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Old 14-03-2011, 10:54 PM   #1
nosferatu_dj
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Default 'Miraculous' Stairs Unknown Species of Wood

http://www.sott.net/articles/show/22...pecies-of-Wood

Analysis of Sample From 'Miraculous' Stairs in Santa Fe Found Unknown Species of Wood


Thu, 03 Mar 2011 21:27 CST

You perhaps have heard of it, the staircase at Loretto Chapel in Santa Fe, New Mexico, where -- according to the literature -- nuns who operated a convent there began a novena to Saint Joseph, patron of carpenters and builders, when they needed a way to easily traverse up to the choir loft, which previously had been accessed by ladder. Their dilemma was that there was no room for a stairway as normal stairways go. A flurry of carpenters they consulted had said so.

© Unknown

According to accounts, on the last day of the novena, a gray-haired man came to the convent with a donkey and a tool chest -- basically, a saw, a hammer, and a square. He also needed tubs to soak wood. They gave him the job, and he set about the work on July 25, 1873, taking what is now estimated as six to eight months to complete it. Only wood pegs (no nails) were used. And the result was exquisite.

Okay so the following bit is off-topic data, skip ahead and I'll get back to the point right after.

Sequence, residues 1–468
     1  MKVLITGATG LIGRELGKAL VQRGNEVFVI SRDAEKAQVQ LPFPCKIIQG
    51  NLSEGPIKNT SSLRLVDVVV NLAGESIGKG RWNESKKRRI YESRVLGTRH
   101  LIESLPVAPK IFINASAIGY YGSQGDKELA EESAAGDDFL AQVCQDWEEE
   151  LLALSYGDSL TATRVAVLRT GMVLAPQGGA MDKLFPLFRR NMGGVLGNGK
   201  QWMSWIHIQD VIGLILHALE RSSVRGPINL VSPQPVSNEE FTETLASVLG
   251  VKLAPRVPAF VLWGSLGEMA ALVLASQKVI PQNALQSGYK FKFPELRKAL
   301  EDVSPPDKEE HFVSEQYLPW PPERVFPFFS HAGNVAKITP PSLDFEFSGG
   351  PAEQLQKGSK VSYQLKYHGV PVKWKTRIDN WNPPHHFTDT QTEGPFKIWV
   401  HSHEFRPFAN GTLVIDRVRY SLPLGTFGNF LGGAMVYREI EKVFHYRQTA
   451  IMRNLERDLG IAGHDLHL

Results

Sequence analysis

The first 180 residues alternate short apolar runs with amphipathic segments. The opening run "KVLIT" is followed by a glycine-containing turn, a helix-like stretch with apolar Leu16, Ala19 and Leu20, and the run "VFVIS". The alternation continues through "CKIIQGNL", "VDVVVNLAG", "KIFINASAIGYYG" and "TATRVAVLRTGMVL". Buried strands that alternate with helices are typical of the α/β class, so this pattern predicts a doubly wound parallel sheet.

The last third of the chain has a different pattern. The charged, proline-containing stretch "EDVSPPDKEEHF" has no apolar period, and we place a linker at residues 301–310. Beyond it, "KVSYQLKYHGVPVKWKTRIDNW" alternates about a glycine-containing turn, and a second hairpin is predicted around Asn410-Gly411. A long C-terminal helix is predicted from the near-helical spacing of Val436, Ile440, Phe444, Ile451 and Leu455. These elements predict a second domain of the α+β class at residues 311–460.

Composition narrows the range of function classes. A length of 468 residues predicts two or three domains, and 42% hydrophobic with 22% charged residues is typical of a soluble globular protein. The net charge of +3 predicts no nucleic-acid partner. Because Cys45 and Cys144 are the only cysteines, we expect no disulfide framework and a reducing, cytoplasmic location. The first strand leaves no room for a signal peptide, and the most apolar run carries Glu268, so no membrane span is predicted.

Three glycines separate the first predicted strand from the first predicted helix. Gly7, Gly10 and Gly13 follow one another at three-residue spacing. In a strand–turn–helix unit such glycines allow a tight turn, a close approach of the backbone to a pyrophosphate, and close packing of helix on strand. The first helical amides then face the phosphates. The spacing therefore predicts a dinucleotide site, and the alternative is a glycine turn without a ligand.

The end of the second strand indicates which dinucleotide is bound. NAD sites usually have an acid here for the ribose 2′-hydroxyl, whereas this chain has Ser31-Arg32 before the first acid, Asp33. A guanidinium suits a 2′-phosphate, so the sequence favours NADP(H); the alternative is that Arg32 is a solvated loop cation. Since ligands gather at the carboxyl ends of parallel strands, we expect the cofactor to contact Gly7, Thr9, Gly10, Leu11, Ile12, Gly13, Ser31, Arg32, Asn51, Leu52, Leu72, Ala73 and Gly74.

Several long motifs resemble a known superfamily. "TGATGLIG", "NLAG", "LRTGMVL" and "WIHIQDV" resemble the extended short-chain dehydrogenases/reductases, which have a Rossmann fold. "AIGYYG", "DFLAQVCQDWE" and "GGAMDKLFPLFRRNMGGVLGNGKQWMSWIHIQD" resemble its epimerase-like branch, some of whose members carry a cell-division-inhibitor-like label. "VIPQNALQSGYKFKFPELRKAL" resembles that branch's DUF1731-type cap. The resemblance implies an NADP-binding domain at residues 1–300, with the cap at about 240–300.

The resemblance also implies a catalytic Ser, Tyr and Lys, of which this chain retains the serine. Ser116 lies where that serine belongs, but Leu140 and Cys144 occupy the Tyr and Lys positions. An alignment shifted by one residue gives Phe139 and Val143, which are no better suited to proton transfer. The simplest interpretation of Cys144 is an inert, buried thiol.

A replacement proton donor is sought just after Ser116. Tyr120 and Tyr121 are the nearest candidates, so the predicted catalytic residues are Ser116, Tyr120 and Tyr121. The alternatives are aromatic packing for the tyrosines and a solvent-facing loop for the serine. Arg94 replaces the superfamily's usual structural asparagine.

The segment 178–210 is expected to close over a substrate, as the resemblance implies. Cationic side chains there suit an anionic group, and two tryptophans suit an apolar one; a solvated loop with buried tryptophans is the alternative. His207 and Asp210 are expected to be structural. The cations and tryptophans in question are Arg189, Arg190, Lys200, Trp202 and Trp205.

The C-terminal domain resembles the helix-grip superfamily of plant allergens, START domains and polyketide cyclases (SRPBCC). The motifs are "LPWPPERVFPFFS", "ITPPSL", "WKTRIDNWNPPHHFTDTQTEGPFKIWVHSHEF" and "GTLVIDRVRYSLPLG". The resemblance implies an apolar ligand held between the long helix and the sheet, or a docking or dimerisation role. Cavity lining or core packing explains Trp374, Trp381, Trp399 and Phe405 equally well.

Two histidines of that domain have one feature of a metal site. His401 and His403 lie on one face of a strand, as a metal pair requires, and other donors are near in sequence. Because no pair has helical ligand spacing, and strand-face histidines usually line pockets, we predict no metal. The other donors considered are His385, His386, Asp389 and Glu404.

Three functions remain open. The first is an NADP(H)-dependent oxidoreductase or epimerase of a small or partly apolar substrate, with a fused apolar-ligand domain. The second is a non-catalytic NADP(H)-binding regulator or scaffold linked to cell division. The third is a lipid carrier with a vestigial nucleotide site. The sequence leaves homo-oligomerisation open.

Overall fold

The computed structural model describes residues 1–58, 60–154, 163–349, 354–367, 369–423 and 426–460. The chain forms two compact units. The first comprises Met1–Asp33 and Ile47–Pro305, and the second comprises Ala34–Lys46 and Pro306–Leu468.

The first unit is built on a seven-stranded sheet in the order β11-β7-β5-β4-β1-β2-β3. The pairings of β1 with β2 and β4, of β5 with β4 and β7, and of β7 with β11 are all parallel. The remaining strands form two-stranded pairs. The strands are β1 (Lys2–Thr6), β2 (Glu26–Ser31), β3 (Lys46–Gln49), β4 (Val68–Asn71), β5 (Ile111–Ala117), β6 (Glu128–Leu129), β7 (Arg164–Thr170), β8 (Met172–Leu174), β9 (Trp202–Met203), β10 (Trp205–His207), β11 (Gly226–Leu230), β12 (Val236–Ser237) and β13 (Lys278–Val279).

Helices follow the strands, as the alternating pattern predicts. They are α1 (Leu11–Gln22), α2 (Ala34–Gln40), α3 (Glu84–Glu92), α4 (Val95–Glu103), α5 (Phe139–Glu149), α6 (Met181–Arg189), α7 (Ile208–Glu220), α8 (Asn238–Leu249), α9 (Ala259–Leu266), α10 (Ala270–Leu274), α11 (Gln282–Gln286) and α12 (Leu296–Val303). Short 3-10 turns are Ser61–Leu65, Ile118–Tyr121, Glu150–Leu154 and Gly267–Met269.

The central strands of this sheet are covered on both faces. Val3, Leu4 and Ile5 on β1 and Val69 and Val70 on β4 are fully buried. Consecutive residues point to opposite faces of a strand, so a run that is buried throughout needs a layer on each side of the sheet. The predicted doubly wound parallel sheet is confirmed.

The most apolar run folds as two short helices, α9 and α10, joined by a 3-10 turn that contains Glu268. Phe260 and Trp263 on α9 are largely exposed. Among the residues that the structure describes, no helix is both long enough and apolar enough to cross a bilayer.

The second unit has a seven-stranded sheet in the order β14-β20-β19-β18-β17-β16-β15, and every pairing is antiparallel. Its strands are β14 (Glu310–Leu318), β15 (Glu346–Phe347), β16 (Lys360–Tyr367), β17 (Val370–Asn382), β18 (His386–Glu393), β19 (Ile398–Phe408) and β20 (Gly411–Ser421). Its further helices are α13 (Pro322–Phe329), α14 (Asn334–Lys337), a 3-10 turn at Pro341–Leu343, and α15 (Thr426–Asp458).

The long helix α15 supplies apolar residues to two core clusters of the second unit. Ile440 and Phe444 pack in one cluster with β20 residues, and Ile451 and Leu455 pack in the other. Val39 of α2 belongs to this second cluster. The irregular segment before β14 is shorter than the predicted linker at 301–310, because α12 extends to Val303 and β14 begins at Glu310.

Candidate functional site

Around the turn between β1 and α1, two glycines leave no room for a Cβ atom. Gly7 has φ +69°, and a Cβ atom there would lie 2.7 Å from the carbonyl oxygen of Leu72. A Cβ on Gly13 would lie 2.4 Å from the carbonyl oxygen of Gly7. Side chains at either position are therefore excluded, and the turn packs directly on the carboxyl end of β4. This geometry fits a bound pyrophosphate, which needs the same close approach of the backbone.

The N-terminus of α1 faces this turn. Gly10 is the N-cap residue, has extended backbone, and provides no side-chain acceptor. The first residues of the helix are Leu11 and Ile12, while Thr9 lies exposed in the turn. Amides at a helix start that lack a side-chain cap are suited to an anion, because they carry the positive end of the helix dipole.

"The winding stairway that the old man left for the sisters is a masterpiece of beauty and wonder," noted St. Joseph Magazine. "It makes two complete 360-degree turns. There is no supporting pole up the center as most circular stairways have. This means it hangs there with no support. The entire weight is on the base. Some architects have said that by all laws of gravity, it should have crashed to the floor the minute anyone stepped on it and yet was used daily for nearly a hundred years." Indeed, there are photos of the staircase filled with members of the choir!

When the sisters went to pay the man, continues the account, he had vanished. There is no record of paying anyone a penny for the incredible piece of carpentry.